Most people know that insurance companies pay settlements to injury victims. However, they may not understand the whole process. Although a personal injury attorney should handle your case when you seek compensation, you should know the basics of what may happen. This can help you make the right moves and plan for the future.

The Settlement: What Exactly Is It?

You likely know what a settlement is in its basic form. It is an offer from one party to another, generally used to compensate one party for the actions of the other. In other words, a settlement is someone paying for losses they caused someone else.

In the personal injury world, a settlement is a payment from an insurance company to a victim on behalf of an individual, business, or organization that caused the victim harm. Most personal injury cases never see the inside of a courtroom and are settled during negotiations between insurance adjusters and personal injury lawyers.

What Does a Settlement Pay For?

Personal injury settlements are compensatory by nature, meaning their purpose is to compensate victims for the damages caused by their injuries.

During the negotiations, your personal injury attorney will have a list of your damages (losses) and will fight to get as many of them as possible included in the calculations used to determine the compensation figure.

In most cases, settlements will cover these damages:

  • Financial outlays related to medical treatment
  • Financial damages caused by missed work, including loss of income
  • Costs associated with employing assisted-care individuals
  • Property damage, such as destruction to a vehicle or home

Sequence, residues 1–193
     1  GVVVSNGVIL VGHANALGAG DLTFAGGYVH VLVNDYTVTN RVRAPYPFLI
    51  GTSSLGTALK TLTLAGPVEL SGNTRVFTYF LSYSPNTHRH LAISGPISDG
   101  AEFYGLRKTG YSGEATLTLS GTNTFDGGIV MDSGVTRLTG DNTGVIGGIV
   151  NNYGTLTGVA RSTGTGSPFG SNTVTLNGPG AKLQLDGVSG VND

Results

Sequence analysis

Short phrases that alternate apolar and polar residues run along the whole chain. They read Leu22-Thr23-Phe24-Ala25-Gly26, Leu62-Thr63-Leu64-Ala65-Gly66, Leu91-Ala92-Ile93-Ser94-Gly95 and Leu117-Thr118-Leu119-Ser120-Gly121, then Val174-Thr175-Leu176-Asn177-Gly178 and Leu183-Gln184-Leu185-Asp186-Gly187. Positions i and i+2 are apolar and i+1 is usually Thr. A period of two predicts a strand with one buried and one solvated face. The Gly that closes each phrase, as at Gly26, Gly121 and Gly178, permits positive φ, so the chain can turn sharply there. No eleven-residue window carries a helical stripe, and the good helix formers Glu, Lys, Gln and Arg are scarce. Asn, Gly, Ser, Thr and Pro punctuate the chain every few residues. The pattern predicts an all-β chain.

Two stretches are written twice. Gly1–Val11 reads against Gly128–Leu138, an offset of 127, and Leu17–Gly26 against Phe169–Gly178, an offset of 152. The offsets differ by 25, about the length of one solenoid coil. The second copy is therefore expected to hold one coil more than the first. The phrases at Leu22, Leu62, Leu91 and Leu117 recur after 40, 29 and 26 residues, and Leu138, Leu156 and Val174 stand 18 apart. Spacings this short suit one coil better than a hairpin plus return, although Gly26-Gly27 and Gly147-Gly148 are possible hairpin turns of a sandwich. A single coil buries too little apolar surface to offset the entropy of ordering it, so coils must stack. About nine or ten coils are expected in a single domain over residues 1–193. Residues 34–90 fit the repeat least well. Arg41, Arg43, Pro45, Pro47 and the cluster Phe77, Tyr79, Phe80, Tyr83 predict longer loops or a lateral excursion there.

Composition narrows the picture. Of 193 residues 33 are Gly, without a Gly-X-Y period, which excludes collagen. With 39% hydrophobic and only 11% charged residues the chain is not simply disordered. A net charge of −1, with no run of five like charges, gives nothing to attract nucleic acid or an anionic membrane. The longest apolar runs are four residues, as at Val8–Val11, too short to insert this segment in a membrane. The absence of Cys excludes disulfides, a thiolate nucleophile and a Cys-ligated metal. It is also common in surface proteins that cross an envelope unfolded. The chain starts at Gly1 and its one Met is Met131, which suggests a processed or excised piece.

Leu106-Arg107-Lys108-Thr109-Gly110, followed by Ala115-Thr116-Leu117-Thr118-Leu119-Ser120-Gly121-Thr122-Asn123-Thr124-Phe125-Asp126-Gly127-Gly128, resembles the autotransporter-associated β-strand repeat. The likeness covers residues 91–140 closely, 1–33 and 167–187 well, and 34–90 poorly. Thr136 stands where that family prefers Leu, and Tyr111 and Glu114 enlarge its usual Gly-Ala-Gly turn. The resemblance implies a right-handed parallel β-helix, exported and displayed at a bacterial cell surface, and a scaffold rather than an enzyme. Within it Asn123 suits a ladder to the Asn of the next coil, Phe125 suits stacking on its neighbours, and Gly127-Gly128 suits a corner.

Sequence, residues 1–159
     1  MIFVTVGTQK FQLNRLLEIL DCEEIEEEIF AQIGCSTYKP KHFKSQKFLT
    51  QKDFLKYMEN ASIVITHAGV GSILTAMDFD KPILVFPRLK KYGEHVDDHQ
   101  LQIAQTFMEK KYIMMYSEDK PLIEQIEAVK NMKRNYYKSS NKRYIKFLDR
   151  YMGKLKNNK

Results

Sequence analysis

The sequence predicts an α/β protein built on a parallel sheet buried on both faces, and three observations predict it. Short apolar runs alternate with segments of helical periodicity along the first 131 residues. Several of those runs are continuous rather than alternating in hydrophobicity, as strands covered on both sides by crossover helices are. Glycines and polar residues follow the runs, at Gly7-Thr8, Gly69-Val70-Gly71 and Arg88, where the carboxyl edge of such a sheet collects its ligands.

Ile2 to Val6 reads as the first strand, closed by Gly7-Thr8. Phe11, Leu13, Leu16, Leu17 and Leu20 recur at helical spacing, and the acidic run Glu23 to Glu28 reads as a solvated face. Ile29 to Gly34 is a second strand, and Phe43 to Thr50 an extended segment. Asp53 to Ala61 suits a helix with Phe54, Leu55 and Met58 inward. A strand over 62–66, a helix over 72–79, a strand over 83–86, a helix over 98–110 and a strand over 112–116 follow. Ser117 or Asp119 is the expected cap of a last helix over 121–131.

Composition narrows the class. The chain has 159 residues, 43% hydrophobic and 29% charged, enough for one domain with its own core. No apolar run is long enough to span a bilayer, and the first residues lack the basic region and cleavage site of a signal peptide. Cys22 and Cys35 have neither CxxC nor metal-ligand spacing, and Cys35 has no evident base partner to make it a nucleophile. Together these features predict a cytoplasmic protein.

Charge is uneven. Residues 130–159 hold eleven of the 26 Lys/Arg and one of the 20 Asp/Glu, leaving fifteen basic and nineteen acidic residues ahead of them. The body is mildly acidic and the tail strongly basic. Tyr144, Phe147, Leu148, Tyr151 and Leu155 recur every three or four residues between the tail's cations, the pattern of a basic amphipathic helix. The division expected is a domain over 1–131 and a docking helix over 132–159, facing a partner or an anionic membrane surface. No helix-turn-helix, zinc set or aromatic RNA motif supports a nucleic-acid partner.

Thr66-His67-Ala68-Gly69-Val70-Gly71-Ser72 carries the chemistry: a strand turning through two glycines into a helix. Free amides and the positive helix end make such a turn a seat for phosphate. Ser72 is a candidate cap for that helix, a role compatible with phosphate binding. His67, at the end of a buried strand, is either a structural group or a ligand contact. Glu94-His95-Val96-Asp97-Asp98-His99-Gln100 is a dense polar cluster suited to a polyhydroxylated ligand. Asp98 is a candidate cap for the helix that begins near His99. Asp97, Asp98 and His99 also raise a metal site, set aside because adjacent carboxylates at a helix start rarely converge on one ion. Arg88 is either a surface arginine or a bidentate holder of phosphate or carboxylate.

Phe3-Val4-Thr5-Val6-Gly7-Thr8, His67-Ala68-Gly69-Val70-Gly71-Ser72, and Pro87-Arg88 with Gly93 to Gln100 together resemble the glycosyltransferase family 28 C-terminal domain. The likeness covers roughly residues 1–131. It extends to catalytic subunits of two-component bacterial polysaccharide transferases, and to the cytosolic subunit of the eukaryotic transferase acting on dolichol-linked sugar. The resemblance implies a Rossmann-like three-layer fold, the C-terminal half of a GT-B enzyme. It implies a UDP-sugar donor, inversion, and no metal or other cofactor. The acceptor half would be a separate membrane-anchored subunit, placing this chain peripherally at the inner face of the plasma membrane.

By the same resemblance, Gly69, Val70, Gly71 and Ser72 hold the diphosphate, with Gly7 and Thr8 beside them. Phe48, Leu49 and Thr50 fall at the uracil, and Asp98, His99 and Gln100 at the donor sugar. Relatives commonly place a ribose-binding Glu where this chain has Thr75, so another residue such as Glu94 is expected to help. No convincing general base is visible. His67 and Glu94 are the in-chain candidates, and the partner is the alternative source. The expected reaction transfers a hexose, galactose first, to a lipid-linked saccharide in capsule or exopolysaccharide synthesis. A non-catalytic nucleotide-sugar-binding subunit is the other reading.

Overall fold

• Pain and suffering
  • Inconvenience
  • Disfigurement

Settlements do not cover punitive damages, however. Plaintiffs only recover punitive damages during a trial and never during settlement.

Types of Settlements

After winning a settlement for your injuries, you will need to communicate to your personal injury attorney how you would like to receive your money.

Generally speaking, settlements are disbursed in one of three ways—in a lump sum, as structured payments disbursed over time, or a combination of both. Depending on your situation, one may be more advantageous than the others.

You have various options for structuring your payments. However, once you set the payment method, it becomes difficult to change the terms. As such, it is helpful to speak with a personal injury lawyer to help you fully understand the ramifications of any decisions you make.

Lump Sum Settlements

Lump-sum settlement payouts are disbursed in one action. They are the most popular form of settlement payments, especially for injury victims who recover smaller settlements.

Once you receive and cash the settlement check, the insurance company is off the hook, closing the issue.

Advantages and Disadvantages of Lump Sum Payments

As stated, lump sum payments are a good option for individuals who receive smaller awards. Additionally, a lump-sum payment will give you much more control over your settlement proceeds and make more comprehensive financial moves than if you were getting periodic payments.

Perhaps you would like to use your proceeds for a home purchase or to finance a business. With a lump-sum payout, you can do just that.

One major disadvantage of getting a lump-sum payout is the risk of spending too much of the proceeds too quickly. Remember, the purpose of a personal injury settlement is to cover your losses, both present and future.

If you can’t resist the temptation to spend it, you may deplete the funds without wanting to, simply because the money is there and available.

Structured Settlements

Structured settlements are paid out over time in incremental payments delivered regularly, according to the set interval, which may be weekly, monthly, etc.